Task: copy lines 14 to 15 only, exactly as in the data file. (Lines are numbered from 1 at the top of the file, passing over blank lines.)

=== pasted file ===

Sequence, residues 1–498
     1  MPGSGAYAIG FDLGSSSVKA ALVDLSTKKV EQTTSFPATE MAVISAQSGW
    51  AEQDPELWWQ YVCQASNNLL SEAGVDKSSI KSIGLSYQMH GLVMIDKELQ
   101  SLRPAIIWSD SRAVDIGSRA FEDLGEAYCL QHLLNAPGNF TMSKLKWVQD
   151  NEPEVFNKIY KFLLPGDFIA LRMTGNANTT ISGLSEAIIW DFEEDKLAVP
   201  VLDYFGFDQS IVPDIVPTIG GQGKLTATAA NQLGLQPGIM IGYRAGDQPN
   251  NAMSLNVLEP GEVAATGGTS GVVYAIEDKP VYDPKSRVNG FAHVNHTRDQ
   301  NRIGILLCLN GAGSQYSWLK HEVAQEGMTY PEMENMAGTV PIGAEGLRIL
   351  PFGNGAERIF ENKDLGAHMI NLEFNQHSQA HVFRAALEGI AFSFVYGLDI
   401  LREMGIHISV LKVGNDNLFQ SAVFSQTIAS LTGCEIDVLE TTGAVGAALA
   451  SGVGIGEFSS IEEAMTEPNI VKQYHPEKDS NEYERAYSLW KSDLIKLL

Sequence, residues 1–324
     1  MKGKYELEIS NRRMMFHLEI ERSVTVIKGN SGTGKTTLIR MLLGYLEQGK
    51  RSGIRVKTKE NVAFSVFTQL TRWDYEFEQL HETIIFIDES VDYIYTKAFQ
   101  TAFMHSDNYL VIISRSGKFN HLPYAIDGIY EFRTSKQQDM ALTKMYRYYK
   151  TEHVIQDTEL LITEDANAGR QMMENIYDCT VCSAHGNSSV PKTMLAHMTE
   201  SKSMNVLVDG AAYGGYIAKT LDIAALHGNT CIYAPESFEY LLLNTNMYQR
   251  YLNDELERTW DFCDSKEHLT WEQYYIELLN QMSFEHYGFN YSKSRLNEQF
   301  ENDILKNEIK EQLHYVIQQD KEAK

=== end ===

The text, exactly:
    51  RSGIRVKTKE NVAFSVFTQL TRWDYEFEQL HETIIFIDES VDYIYTKAFQ
   101  TAFMHSDNYL VIISRSGKFN HLPYAIDGIY EFRTSKQQDM ALTKMYRYYK